There is an entire world of non-barbecue Korean food out there.
It may not seem like it when you pull up your phone to research where to eat when you're craving Korean. But it exists. And it is there for you—if you look hard enough—for those days when you aren't feeling like eating your body's worth of all-you-can-eat beef and pork. And it is also there for you on those days when you don't want your clothes to smell like a well-charred s'more shortly thereafter.
It is a hearty, spicy, and rustic world, and it is about damn time that the these homestyle Korean dishes receive the recognition that they deserve. Galbi, kimchi, and Korean sushi are tight and all, but these popular dishes need to share the spotlight with the real food that Korean-Americans eat for dinner: fish stews, noodle salads with noodles made from acorn flour or yam starch, braised spicy squid. You know, the food of the Korean working class.
After all, it is a little-known fact that Koreans in Korea don't eat as much meat as the Korean restaurant scene in the US might have you think. A study by researchers at Dankook University in South Korea revealed that more than 72 percent of the Korean population is not eating enough protein, based on current dietary recommendations, to be exact.
So if you're not eating smoky meat while having Korean, what else are you eating?
If you live in Los Angeles, the answer to this question may lie in a trip to a nondescript strip mall in Koreatown, in a hole-in-the-wall by the name of Mapo Kkak Doo Gee. There are no tabletop grills inside the establishment that seats only 30 people. There are no loud exhaust systems floating over every table. There is only the fishy aroma of fatty mackerel roasting away with radishes and gochujang, and the residual hum of a Vitamix transforming dried soybeans and black sesames in the chilled, nutty base for kongguksu, a dish of al dente somen noodles swimming in freshly made soy milk.
This dish, along with godeungeo jorim (braised mackerel with radish) and ojingeo bokkeum (Korean stir-fried spicy squid), is just one of the plates that the mostly Korean regulars order from the tiny menu available at Mapo. The owner speaks little English (and the English translations of the dishes are rife with typos), but one of the walls is adorned with the photos of all the dishes, and this is all of the direction that you need.
There are a few places like this in LA that specialize in the non-barbecue, lesser-known Korean dishes. Sa Rit Gol used to be one of these places; it closed down because of family issues, but it lived a long, happy restaurant life in Los Angeles from 1990 to 2009. The restaurant's dishes were even beloved by Mark Bittman, who wrote that "[he] couldn't stop eating the rice cooked in a stone pot with kimchi, and the huge portion of black cod."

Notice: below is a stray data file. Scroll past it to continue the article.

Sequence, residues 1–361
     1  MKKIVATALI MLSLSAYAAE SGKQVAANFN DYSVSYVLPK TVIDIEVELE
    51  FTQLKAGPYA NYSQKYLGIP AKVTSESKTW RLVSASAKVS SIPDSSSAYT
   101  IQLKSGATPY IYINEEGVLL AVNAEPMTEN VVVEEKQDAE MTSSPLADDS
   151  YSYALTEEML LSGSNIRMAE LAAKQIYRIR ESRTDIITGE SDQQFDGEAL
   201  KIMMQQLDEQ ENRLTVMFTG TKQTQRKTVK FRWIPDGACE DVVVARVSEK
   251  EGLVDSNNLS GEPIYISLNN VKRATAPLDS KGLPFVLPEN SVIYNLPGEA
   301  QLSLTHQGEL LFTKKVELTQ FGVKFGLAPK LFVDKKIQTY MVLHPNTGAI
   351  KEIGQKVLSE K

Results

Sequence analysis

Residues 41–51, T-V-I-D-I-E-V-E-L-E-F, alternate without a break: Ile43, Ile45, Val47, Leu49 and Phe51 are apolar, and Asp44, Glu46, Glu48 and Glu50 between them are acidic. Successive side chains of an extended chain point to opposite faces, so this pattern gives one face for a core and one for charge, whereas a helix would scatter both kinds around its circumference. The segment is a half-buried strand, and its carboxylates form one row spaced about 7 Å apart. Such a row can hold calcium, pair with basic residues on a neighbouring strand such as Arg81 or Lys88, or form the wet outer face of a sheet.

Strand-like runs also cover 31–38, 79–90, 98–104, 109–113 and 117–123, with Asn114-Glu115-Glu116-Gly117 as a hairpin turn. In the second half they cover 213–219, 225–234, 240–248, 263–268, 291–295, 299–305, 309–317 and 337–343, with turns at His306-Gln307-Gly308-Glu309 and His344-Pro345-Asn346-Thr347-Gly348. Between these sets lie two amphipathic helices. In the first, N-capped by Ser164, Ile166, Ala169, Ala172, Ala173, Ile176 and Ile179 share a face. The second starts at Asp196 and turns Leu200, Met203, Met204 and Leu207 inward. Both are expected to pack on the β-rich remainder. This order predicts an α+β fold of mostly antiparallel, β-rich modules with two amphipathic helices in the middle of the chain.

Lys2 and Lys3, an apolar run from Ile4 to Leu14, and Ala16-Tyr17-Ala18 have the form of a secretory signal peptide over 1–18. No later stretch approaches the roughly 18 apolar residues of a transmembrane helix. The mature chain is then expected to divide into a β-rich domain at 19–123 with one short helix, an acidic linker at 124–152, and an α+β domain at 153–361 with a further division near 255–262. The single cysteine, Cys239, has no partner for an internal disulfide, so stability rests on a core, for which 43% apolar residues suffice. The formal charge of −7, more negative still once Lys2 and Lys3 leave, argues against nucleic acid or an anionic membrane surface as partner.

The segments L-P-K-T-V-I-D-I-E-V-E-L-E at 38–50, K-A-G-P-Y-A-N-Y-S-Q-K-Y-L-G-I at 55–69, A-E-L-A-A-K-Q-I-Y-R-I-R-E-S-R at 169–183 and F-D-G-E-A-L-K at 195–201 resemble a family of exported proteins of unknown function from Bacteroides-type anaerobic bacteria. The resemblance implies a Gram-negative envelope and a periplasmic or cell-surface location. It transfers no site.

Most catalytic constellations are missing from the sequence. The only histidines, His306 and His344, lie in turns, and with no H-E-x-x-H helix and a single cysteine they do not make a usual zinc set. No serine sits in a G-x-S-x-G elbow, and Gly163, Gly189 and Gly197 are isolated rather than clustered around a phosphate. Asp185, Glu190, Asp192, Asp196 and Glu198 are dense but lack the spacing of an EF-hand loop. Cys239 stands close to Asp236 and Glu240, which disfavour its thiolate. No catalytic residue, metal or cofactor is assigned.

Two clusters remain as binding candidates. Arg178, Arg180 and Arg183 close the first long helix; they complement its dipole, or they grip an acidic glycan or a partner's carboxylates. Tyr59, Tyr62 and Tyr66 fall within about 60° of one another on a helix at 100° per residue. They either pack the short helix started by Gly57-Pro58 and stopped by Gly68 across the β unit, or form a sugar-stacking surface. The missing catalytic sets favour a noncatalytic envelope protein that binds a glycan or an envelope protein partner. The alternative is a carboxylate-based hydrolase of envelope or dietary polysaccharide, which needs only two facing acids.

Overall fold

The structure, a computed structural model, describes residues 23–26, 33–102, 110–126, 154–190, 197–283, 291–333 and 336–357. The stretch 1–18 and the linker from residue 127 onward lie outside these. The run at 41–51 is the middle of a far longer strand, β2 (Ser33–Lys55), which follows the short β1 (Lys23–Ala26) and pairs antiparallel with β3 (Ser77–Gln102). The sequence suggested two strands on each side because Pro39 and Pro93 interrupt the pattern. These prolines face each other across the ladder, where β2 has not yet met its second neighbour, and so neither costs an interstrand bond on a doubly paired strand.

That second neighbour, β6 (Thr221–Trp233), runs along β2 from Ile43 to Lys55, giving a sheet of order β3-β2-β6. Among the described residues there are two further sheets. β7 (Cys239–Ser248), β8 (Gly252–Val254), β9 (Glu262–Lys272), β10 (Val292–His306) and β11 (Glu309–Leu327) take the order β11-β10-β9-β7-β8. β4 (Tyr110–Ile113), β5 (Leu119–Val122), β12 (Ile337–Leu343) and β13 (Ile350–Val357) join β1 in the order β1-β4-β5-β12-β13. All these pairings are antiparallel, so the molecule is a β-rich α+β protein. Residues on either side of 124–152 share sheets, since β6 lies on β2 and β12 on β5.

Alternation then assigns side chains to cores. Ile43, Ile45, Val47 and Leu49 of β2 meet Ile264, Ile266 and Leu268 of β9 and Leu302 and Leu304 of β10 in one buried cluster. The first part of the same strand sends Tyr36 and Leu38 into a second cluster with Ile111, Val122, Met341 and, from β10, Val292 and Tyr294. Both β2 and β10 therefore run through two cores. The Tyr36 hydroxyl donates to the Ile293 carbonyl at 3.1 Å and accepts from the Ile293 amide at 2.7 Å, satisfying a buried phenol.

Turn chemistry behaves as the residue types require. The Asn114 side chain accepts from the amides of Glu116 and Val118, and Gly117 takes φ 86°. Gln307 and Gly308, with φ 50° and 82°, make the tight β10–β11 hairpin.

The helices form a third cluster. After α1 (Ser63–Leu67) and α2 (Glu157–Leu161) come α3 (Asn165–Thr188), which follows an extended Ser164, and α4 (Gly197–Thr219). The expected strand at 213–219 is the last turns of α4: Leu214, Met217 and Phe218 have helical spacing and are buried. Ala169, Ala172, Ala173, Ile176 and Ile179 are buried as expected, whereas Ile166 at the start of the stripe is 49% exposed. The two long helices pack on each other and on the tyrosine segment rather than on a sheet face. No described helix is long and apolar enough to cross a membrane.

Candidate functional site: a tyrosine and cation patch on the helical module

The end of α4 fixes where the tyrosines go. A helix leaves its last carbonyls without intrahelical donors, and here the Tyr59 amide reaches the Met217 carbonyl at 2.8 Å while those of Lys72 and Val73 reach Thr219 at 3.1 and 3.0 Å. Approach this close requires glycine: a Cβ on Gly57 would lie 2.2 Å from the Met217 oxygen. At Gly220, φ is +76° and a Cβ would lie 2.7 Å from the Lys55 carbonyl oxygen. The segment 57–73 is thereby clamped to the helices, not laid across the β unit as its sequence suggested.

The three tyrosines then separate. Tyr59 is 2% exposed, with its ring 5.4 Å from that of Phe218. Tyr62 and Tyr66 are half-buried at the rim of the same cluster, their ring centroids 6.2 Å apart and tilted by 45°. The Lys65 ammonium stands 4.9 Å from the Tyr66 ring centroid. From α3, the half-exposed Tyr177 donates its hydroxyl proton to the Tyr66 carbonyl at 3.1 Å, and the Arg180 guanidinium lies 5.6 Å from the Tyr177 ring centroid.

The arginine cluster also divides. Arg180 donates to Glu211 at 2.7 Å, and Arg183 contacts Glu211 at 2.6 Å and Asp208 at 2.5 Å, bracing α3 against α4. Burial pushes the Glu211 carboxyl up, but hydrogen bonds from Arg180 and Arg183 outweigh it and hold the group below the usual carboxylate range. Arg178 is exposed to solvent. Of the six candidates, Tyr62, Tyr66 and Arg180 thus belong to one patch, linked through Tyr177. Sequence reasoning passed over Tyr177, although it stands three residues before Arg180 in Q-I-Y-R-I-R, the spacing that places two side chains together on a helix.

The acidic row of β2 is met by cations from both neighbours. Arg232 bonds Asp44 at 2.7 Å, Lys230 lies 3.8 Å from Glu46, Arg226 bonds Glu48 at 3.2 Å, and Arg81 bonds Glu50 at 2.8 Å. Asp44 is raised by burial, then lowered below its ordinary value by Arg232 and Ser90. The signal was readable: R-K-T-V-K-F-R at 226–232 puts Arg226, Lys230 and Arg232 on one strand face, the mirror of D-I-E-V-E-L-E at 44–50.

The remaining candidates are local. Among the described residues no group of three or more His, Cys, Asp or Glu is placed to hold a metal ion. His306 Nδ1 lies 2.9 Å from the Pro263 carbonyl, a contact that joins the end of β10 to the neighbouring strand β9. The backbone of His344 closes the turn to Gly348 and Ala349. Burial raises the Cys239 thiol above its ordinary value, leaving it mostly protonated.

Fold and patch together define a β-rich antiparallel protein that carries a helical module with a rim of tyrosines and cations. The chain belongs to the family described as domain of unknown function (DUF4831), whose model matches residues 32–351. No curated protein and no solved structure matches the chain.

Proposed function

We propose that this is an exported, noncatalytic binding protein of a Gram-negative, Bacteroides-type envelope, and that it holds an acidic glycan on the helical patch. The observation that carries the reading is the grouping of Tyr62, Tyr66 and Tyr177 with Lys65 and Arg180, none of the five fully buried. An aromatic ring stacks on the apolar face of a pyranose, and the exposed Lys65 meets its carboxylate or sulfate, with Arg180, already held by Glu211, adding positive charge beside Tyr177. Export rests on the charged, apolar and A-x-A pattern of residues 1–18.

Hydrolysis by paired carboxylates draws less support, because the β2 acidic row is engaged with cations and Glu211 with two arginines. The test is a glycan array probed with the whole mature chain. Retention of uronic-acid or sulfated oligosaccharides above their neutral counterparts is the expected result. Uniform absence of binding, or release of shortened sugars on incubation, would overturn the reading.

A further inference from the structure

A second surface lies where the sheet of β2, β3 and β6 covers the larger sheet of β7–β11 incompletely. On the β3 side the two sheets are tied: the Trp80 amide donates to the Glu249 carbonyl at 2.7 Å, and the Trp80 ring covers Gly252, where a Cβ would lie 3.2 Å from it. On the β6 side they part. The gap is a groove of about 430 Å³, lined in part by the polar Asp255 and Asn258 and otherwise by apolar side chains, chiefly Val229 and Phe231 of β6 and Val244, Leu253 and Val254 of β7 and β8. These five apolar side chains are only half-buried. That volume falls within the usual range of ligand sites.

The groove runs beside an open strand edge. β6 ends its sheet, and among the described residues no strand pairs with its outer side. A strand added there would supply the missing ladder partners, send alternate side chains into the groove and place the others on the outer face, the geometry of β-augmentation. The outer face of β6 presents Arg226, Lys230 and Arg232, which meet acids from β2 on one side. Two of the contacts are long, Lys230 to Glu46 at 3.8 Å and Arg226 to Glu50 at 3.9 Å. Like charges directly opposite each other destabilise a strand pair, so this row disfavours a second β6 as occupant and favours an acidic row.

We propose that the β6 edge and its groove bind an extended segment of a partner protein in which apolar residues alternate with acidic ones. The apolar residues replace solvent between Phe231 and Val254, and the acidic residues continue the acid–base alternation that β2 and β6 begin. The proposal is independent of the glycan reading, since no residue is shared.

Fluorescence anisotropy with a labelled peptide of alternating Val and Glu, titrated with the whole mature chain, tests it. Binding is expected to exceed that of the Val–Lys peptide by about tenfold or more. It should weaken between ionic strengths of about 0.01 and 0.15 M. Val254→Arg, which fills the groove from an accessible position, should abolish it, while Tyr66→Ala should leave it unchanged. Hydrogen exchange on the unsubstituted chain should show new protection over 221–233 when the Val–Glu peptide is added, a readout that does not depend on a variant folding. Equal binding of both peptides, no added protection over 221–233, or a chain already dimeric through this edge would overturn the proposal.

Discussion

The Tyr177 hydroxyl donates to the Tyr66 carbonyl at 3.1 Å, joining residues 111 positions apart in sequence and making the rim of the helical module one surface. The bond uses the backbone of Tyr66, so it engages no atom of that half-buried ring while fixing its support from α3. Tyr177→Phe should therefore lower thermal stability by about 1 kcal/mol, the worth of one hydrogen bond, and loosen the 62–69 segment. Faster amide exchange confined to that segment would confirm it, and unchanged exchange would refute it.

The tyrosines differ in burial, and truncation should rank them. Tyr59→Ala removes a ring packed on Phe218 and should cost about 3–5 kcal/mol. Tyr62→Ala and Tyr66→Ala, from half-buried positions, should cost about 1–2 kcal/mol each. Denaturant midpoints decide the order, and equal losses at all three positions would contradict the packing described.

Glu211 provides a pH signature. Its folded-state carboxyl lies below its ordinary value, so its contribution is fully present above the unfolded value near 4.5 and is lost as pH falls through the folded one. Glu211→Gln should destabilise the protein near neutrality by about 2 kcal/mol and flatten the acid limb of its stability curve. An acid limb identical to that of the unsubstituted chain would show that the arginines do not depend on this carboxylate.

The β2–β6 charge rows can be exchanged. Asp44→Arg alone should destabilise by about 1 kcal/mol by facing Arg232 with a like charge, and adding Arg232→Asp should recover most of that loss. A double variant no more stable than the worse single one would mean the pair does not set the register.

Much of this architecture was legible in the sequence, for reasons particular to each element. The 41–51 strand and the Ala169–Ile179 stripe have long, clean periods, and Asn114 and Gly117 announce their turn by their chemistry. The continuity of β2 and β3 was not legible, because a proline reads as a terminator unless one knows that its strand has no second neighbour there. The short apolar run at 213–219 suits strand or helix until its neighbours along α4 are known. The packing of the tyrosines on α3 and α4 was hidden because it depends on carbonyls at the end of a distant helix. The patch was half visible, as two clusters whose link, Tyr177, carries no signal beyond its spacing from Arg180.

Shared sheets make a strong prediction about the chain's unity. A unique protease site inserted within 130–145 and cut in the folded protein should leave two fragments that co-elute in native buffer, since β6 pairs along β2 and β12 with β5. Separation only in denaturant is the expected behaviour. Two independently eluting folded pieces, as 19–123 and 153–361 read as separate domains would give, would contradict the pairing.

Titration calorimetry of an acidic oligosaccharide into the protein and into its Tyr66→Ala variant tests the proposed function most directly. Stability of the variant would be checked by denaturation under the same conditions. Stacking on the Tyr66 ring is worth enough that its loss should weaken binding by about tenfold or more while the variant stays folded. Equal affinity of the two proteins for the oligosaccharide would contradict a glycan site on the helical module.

The family behind Sa Rit Gol were one of the pioneers of the non-barbecue-based Korean food scene in LA, so I reached out Edward Hah—the son of the owner—to try to get an idea of why Korean food in LA went down the grilled route in America. Both of his parents are from Seoul, South Korea, and he personally witnessed Korean barbecue restaurants slowly dominate the LA Korean restaurant scene. According to him, the all-you-can-eat Korean barbecue phenomenon was simply born out of meat vendors in the 90s just wanting to get rid of old meat. He remembers a time when his family briefly considered turning Sa Rit Gol into an all-you-can-eat barbecue joint because it was such a force to be reckoned with in LA's Korean food community. "It just happened. It was an attempt for [meat-loving] Americans to jump into Korean culture," he tells me over the phone. He is on to bigger and better things nowadays, but he does admit that Mapo carries forth the food spirit of Sa Rit Gol.
It must also be acknowledged that the flavors accompanying these other non-barbecue Korean dishes might take a little bit of getting used to, especially if you're only accustomed to the tame flavors of caramelized meat mixed in with kimchi for kicks.
The dish of the noodles swimming in the thick, nutty, black sesame-spiked soy milk—made with freshly ground soybeans, unsweetened and unsalted—might make you think that someone is playing a cruel joke on you by switching the corn flakes in your breakfast cereal with a fistful of thin noodles, since theoretically that is what the dish is. Also, "intense" doesn't even begin to describe the force of the bold, spicy, fishy, flavors from the mackerel and squid dishes, with the earthiness of the radish and ungodly amounts of gochujang needed to construct them.
Nonetheless, these two Korean dishes balance each other in the same way that eating a pile of grilled meat accompanied by all of the pickled banchan does. In this case, the frosty milk with the noodles extinguishes the fire from the squid and mackerel. And the more you eat dishes like this, the more you will recognize this beautiful balance of spicy, pickled, creamy, and fishy flavors that only Korean cuisine has to offer.